Species Choice

Above: Planted in 2022-2023. From left, Japanese cedar, Dougas fir and grand fir

In their selection of species, the estate sought advice from its forestry consultants. This complimented the experience and knowledge of how various species performed gained from over the 60 years of managing their woodlands.

Between 1,200 and 1,700 bare-rooted or cell grown plants of each species were planted in pure blocks of around 0.50ha to 0.75ha. Planting was carried out between February 2022 and December 2023. This extended timeframe was mainly due to the unavailability of certain species. The varieties, number planted and provenance are as follows:

Species                              Number                  Growing Method               Provenance                 

Grand fir                                1,500                           cell                                       UK 210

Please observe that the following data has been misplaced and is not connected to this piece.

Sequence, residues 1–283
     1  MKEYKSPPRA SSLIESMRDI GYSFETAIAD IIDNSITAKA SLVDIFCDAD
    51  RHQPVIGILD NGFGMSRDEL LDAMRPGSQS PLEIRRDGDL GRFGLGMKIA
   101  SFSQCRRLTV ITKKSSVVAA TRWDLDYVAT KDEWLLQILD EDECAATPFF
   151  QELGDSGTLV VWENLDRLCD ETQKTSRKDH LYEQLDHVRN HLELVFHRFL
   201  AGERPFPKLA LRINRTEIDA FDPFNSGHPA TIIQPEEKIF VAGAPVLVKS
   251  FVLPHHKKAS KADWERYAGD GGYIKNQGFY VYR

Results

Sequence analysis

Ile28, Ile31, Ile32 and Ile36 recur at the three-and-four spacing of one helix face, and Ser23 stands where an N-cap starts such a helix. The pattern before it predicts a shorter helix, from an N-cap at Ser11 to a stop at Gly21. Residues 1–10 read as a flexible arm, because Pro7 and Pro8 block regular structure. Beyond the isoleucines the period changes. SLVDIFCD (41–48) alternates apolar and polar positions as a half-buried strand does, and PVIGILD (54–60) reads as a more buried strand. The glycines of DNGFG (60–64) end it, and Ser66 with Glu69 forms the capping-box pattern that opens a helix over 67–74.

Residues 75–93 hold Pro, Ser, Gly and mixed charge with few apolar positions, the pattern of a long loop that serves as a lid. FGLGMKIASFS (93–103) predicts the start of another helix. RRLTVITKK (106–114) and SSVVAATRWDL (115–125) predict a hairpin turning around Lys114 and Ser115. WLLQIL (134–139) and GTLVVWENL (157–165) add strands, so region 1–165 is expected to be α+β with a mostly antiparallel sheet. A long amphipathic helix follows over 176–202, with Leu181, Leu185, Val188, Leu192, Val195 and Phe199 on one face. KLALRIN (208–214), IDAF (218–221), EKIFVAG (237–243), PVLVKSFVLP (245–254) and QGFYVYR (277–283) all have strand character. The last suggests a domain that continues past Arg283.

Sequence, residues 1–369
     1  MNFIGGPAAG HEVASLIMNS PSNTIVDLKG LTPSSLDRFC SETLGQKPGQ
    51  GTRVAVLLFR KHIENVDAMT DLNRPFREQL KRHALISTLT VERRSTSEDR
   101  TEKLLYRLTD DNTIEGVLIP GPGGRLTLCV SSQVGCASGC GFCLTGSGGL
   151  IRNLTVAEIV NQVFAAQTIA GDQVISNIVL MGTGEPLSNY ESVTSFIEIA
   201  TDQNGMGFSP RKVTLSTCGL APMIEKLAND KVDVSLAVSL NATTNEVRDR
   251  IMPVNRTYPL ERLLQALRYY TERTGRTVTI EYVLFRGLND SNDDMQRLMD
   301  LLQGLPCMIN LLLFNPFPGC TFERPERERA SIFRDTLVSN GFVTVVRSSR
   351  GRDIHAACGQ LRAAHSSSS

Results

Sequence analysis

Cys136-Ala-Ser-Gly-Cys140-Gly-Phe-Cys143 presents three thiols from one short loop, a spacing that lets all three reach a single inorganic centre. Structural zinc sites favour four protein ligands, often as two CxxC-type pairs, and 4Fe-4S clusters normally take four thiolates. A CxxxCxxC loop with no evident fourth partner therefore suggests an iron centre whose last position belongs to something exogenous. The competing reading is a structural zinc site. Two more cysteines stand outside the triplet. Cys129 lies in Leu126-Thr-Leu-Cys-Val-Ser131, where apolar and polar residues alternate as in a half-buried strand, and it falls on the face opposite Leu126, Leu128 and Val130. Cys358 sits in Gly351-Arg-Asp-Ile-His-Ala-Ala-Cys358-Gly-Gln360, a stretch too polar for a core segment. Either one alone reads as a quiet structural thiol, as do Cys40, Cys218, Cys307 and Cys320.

(Abies grandis)

Japanese cedar                     1,220                          cell                                       Denmark, Bregentved

(Cryptomeria japonica)

European larch                      1,400                          cell                                       Czech Republic

(Larix decidua)

Western red cedar               1,200                          cell                                         UK OR3 Clanna

(Thuja plicata)

Western hemlock                   1,700                          cell                                        UK 20-01 Darnaway Estate

(Tsuga heterophylla)

Douglas fir                               1,200                      bareroot                                  Region 10

(Pseudosuga taxifolia)

Norway spruce                        1,400                      bareroot                                  Region 840 01

(Picea abies)

Total                                       9,620

Pests and Diseases

Above: From left, Norway spruce, Western hemlock and Western red cedar